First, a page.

How the renewable energy movement led to the creation of net metering
When Vermont’s legislature created the state’s net metering program in 1999, said former Board President Barry Bernstein, WEC was a strong supporter. “The intent of the net metering program was to support and encourage a fledgling industry so they could get their feet on the ground,” he explained.
Vermont’s history of net metering is also a story of the state’s environmental leadership: for context, there was not then, and is not now, a federal net metering standard. In the late nineties, at WEC and elsewhere, environmental awareness around power use was starting to shift focus from a conservation mindset to recognizing how much oil, gas, coal, and other fossil fuels contribute to an impending climate catastrophe. Conserving energy was important; even more important was to reduce fossil fuel sources of power. But in order to change the system effectively, that had to be done affordably.
Tony Klein is a WEC member and former Chair of the House Committee on Natural Resources and Energy. During the late 00s and 10s, Klein worked to shift Vermont’s power grid to renewable energy. “Little by little, we passed legislation that mandated purchase of renewables,” he explained. “The balancing act was price sensitivity.”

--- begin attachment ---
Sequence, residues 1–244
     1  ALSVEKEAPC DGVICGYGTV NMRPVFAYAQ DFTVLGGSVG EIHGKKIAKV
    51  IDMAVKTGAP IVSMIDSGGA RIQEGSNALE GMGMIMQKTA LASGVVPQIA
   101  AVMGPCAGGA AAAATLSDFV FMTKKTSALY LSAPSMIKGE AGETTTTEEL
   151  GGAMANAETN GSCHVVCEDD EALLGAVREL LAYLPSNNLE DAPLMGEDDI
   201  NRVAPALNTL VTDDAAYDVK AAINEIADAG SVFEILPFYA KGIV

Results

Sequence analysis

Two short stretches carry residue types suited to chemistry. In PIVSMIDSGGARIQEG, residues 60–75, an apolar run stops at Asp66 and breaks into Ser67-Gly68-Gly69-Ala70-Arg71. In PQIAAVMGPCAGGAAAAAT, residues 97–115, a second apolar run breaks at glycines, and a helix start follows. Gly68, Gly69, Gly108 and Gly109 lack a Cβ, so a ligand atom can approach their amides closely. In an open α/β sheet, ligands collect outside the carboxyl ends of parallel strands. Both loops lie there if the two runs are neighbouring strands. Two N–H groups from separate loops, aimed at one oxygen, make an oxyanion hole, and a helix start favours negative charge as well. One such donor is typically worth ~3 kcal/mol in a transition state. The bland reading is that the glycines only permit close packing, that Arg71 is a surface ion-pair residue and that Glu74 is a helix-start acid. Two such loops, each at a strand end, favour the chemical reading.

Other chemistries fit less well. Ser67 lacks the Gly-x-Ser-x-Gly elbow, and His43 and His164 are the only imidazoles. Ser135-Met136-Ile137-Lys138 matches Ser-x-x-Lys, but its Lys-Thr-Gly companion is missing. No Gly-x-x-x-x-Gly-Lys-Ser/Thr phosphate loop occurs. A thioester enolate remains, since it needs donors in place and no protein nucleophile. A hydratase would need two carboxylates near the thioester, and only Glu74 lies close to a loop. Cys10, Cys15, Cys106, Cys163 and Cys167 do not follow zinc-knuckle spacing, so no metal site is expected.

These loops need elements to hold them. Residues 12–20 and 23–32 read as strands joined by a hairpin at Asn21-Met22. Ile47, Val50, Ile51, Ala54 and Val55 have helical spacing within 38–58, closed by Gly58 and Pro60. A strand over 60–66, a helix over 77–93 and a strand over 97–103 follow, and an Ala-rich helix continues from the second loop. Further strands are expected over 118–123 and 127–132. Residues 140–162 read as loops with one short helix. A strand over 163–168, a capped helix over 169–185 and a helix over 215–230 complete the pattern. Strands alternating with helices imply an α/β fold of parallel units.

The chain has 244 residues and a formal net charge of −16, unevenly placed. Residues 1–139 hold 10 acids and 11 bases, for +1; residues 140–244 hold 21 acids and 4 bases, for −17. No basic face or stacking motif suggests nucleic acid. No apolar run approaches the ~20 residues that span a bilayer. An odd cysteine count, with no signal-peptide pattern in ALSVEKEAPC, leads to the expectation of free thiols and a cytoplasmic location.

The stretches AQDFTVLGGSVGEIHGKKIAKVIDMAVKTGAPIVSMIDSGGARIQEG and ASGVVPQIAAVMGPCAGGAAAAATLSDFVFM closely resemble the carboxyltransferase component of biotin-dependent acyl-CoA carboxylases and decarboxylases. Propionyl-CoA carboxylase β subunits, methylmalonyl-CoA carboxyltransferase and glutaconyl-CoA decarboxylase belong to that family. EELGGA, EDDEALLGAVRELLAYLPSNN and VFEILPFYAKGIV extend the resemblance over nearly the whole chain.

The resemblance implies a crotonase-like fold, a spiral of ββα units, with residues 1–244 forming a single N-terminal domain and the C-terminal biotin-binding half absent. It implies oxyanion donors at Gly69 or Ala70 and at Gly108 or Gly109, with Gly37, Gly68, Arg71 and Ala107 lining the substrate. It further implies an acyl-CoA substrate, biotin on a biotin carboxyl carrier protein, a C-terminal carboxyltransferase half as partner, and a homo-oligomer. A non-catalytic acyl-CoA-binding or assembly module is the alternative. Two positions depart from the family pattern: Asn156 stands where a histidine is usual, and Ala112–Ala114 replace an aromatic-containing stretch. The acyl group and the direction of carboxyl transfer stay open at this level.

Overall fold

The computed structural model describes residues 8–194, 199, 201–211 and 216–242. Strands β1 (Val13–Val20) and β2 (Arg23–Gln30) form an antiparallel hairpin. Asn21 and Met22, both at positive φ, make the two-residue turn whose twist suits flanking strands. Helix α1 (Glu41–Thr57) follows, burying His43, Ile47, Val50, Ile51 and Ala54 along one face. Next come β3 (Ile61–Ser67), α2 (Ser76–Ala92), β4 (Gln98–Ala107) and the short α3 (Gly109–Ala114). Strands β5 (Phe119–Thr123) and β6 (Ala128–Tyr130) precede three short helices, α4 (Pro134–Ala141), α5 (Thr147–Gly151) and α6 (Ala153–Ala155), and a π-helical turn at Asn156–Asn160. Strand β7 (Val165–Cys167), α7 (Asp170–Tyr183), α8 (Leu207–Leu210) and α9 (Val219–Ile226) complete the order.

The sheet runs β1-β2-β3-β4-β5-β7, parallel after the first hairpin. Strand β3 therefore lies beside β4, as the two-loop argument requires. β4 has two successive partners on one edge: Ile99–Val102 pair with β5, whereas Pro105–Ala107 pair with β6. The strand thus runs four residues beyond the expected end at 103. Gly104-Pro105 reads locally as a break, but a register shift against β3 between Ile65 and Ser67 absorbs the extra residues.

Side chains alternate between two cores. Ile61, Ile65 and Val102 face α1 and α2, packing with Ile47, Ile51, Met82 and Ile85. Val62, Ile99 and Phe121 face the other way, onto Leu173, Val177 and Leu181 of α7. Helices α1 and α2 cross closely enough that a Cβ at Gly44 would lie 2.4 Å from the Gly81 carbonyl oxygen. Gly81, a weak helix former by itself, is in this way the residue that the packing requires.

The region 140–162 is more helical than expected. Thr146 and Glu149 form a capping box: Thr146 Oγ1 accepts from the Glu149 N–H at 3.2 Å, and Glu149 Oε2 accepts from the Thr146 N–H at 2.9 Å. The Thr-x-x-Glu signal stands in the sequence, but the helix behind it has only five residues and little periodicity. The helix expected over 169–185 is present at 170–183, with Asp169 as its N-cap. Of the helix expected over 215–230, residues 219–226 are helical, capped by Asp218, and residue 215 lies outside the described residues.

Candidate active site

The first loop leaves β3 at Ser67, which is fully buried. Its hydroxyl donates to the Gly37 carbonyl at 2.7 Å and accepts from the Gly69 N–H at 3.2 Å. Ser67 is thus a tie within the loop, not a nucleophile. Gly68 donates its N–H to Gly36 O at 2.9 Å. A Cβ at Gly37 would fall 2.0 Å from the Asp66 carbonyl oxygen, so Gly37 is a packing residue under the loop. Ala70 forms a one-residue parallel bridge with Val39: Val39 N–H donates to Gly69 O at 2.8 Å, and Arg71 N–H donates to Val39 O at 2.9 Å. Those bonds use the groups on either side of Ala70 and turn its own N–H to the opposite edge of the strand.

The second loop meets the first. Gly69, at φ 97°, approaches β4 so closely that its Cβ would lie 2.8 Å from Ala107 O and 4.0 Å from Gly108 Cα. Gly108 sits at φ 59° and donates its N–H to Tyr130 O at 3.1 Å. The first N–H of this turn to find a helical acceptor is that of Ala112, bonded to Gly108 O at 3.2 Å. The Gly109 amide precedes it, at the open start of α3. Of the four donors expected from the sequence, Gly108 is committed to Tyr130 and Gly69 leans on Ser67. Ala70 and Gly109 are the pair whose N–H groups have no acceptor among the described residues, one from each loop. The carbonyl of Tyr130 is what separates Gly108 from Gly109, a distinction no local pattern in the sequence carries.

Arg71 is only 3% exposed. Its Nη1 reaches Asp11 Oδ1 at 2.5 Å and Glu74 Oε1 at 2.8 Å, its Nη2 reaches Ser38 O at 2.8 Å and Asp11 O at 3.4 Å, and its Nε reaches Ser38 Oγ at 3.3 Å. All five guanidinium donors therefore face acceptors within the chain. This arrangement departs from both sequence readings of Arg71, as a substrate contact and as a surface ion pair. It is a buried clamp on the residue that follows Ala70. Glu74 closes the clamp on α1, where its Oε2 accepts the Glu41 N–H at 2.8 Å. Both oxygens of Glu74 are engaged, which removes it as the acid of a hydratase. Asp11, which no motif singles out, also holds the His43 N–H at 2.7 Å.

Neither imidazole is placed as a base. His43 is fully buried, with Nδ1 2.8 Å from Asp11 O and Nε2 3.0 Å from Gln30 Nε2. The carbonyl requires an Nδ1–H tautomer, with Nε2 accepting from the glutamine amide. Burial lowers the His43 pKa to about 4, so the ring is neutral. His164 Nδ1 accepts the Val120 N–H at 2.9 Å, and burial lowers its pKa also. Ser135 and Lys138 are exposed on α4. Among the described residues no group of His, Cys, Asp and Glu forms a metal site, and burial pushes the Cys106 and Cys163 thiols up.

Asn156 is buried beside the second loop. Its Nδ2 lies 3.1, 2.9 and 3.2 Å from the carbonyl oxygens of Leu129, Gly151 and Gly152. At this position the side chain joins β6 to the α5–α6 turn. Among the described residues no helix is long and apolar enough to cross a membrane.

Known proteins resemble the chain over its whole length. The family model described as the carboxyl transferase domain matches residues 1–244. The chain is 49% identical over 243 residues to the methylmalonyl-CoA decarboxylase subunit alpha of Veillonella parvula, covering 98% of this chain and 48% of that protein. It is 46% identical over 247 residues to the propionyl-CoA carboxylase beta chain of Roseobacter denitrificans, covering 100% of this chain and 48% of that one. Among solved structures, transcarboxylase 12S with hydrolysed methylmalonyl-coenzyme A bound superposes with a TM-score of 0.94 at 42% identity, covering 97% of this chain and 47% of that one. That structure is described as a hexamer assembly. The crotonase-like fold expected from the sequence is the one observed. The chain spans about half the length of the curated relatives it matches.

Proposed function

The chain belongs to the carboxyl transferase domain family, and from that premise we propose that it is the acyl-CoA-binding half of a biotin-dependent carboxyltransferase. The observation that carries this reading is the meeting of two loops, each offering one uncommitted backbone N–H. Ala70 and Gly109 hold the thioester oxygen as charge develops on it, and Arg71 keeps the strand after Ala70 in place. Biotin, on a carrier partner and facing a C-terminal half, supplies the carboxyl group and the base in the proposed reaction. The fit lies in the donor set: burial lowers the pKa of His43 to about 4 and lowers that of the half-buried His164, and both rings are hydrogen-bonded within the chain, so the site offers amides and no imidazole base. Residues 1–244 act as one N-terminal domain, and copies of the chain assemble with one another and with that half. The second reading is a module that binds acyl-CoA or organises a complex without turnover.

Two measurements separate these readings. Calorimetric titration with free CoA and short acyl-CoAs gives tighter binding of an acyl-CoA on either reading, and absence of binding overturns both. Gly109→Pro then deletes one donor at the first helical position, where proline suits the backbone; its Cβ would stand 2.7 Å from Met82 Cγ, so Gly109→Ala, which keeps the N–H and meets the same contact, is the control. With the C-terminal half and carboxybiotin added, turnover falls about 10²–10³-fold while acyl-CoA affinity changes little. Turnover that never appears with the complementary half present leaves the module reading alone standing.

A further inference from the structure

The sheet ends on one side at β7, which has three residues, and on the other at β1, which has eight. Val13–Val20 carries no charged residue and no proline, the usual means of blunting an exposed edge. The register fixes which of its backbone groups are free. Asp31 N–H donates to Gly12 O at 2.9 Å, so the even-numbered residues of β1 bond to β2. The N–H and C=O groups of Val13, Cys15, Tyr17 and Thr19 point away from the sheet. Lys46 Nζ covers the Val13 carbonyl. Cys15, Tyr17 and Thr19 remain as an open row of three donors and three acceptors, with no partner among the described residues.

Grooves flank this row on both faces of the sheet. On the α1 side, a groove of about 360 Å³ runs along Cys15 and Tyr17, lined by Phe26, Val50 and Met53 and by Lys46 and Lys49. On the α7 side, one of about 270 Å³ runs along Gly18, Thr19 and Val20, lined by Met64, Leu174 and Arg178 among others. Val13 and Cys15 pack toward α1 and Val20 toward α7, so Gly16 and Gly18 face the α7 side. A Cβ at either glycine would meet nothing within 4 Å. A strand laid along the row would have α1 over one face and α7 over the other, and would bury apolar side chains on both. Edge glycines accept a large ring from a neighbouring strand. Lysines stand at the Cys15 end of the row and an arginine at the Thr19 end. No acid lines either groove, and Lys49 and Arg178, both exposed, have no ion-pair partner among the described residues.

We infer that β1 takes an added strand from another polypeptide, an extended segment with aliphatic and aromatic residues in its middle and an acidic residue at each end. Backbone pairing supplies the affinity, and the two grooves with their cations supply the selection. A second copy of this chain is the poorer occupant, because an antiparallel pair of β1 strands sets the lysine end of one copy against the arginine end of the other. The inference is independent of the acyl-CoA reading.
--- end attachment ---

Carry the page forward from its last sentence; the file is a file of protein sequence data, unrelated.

But at the time, there were few renewable generation projects in the state. In-state renewable generation development launched with the creation of the Standard Offer program in 2009, which requires Vermont distribution utilities to buy renewable power from eligible generation projects. Developers are guaranteed a specified price for a specified period of time, and costs are “distributed among Vermont utilities based on their pro-rata share of electric sales” per the Public Utility Commission.
It blossomed, which it was supposed to. It was a success.Tony Klein
While the Standard Offer program created both generation and market for renewable power at the wholesale level, Klein said, he was looking for more opportunities to add renewables to the state grid. In conversation with Mary Powell, the former CEO of Green Mountain Power (GMP), he learned that GMP is a summer-peaking utility – and solar panels generate more power during summer’s long days. Powell told Klein that individual GMP customers with solar were so valuable for shaving summer peak costs that GMP offered them a six-cent premium to purchase their onsite-generated power.
That was a “lightbulb moment,” said Klein, and in 2014, the legislature passed Act 99, updating the state’s net metering rules to require utilities to offer a premium for onsite net metering. “That was the birth of the growth of the solar industry in the state,” said Klein. “It blossomed, which it was supposed to. It was a success.”
And, he added, at the time, the profile of a typical net meterer was a customer “who didn’t use a lot of electricity. That’s what it was. That’s what it still should be.”